Moreover, as we've seen, what we're interested in discovering are the probabilities of the converse, i.e., not the sensitivity and specificity but their inverse--P(pregnant | test positive) and P(not pregnant | test negative). To obtain those figures we need to take the base rate of pregnancy into consideration. And so even with a sensitivity and specificity >90%, a true positive close to 100% is only possible if the prior probability of pregnancy is high enough (>50%). To fail to factor in P(pregnancy) is to commit the base rate fallacy.

According to studies even doctors can misunderstand the nature of sensitivity and specificity and fail to see the need to compute for the probability of the converse.

[C]onditional statements are often confused with their converses. When they evaluate medical research, physicians routinely deal with statistics of the sensitivity and specificity of laboratory test results. In a 1978 study reported in theIn a study by David Eddy, after being given the values for base rate, sensitivity, and the complement of specificity (i.e., 1 - specificity), 95% of doctors surveyed overestimated P(malignancy | test positive) by one order of magnitude. "David Eddy reported that it's no wonder physicians confused these conditional probabilities; the authors of the medical research often made the error themselves in reporting their results" [note 3].New England Journal of Medicine, it became apparent that physicians often misunderstand the results of these tests" [note 2].

To end, let's look at conditional probabilities using "if / then" notation [note 4]. If a patient has cancer, then the probability of testing positive is 85%. That's sensitivity. If a patient does not have cancer, then the probability of testing negative is 90%. That's specificity. Now we want to know the converse: if an individual tests positive, then the probability of him/her having cancer is ___. And if a person tests negative, then the probability of him/her not having cancer is ___. They're both blank because we need the prevalence rate (base rate) of the particular type of cancer to determine those values. And the lower the prevalence of the disease 1. the higher the false positive rating of the screening test and 2.the lower its false negative rating will be.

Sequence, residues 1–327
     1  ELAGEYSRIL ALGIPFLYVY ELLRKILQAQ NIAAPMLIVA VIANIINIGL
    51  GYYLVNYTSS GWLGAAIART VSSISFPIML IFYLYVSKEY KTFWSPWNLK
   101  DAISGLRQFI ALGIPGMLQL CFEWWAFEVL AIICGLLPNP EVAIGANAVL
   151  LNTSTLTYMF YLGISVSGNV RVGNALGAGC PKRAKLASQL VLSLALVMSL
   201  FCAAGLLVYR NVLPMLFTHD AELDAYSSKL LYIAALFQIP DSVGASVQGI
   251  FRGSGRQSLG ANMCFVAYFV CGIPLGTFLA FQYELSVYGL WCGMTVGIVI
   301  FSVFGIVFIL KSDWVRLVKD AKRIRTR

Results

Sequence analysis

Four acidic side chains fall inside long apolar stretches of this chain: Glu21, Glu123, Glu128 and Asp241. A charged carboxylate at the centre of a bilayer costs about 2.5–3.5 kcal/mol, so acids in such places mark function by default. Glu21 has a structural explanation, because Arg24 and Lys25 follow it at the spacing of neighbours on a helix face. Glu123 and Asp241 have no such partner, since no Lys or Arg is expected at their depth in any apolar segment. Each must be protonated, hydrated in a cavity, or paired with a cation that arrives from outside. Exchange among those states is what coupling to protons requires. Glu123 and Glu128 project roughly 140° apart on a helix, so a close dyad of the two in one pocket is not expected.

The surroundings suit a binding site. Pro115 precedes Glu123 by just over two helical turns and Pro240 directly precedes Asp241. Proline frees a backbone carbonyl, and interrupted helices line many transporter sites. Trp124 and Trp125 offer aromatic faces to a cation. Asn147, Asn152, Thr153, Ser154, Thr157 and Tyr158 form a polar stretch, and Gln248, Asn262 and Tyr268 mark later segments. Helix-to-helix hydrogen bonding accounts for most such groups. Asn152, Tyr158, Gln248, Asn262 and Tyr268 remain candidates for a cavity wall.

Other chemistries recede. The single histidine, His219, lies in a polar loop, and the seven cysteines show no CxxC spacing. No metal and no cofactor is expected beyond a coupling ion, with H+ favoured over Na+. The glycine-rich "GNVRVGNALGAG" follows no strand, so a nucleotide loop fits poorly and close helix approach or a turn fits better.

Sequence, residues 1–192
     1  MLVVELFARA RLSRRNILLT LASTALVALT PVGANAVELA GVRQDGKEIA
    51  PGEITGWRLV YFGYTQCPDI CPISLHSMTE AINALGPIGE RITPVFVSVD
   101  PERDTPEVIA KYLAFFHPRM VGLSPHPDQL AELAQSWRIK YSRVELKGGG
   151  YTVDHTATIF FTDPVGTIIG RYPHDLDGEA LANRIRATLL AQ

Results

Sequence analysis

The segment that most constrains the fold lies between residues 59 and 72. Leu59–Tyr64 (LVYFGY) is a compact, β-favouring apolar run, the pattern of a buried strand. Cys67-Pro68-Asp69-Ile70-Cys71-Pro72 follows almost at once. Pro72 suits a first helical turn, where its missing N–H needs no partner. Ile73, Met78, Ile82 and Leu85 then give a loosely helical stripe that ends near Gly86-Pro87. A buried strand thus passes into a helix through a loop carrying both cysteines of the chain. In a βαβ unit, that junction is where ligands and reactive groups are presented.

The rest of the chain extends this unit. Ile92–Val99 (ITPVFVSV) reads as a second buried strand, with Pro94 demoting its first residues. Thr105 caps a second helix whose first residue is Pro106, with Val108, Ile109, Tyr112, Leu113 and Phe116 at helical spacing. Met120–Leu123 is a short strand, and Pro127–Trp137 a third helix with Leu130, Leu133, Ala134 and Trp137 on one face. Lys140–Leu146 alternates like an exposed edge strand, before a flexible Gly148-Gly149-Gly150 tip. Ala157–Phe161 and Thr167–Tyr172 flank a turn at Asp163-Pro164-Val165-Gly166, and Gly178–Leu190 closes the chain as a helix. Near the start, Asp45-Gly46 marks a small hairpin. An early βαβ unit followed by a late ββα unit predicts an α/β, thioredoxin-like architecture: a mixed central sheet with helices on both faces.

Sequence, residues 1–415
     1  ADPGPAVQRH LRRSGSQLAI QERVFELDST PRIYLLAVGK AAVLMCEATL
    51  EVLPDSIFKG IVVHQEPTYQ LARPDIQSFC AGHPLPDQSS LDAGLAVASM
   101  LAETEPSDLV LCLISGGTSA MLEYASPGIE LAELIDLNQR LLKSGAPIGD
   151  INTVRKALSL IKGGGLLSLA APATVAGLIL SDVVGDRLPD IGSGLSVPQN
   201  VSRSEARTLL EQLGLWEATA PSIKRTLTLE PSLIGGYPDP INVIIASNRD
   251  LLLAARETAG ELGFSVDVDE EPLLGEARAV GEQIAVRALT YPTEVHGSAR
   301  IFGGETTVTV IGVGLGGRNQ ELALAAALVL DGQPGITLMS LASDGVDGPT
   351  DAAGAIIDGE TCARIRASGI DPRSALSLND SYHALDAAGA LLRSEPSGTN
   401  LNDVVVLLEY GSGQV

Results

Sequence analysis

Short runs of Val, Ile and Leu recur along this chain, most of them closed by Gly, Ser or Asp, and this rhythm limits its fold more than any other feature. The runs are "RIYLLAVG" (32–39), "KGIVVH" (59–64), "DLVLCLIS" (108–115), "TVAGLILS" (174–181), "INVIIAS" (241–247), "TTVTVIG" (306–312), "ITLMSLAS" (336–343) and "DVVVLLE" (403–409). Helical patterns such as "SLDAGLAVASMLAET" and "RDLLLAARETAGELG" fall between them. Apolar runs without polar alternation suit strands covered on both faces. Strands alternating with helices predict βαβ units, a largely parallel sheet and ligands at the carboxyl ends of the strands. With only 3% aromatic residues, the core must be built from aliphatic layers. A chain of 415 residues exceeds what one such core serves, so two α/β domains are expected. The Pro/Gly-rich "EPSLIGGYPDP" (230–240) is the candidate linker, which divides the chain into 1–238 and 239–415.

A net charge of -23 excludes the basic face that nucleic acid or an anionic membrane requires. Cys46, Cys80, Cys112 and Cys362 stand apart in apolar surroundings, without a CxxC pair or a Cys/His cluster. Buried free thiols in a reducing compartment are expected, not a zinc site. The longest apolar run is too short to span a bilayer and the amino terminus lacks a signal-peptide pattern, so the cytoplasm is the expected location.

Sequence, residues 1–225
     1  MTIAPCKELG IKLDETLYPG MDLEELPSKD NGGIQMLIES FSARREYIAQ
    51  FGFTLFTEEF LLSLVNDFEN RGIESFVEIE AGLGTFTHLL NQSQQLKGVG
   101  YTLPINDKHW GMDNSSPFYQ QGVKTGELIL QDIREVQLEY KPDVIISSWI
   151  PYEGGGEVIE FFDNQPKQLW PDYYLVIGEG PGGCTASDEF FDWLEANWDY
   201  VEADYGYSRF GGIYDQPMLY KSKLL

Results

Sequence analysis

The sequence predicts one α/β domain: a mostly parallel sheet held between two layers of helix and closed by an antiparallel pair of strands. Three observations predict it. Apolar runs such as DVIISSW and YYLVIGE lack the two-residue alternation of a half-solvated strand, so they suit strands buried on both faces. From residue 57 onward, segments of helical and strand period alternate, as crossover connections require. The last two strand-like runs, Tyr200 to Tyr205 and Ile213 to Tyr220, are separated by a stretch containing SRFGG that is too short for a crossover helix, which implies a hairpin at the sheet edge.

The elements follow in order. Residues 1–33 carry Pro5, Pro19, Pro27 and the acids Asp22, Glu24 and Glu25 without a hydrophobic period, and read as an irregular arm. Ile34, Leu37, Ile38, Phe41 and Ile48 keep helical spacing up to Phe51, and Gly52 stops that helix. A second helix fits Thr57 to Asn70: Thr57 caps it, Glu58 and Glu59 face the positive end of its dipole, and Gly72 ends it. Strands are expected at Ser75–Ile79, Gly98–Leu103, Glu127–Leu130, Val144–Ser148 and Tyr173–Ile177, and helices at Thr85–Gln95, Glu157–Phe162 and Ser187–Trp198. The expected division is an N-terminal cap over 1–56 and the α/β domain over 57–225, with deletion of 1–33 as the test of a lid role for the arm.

In general, given the statement "if A then B," it doesn't imply the converse is necessarily true, that "if B then A." Thus, given "if I drink and drive then I will figure in a mishap," it would be erroneous to conclude that "if I'm in an accident then I was driving drunk." I could be in mishap even if I haven't had a drink and even if I'm the passenger.

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Notes:

1. To find all studies with "home pregnancy test" in their titles, I typed in "home pregnancy test[Title]" (without the quotes) in the search engine box on the PubMed site . Only 13 studies (mostly irrelevant) came up.

2. Bennett, Deborah J..

*Logic Made Easy: How to Know When Language Deceives You*. New York: W.W. Norton & Co., 2004. p.109. The NEJM article being referred to is "Interpretation by Physicians of Clinical Laboratory Results" by Ward Casscells, Arno Schoenberger, and Thomas B. Graboys.

3. Bennett, p.110.

4. Bennett, p.109.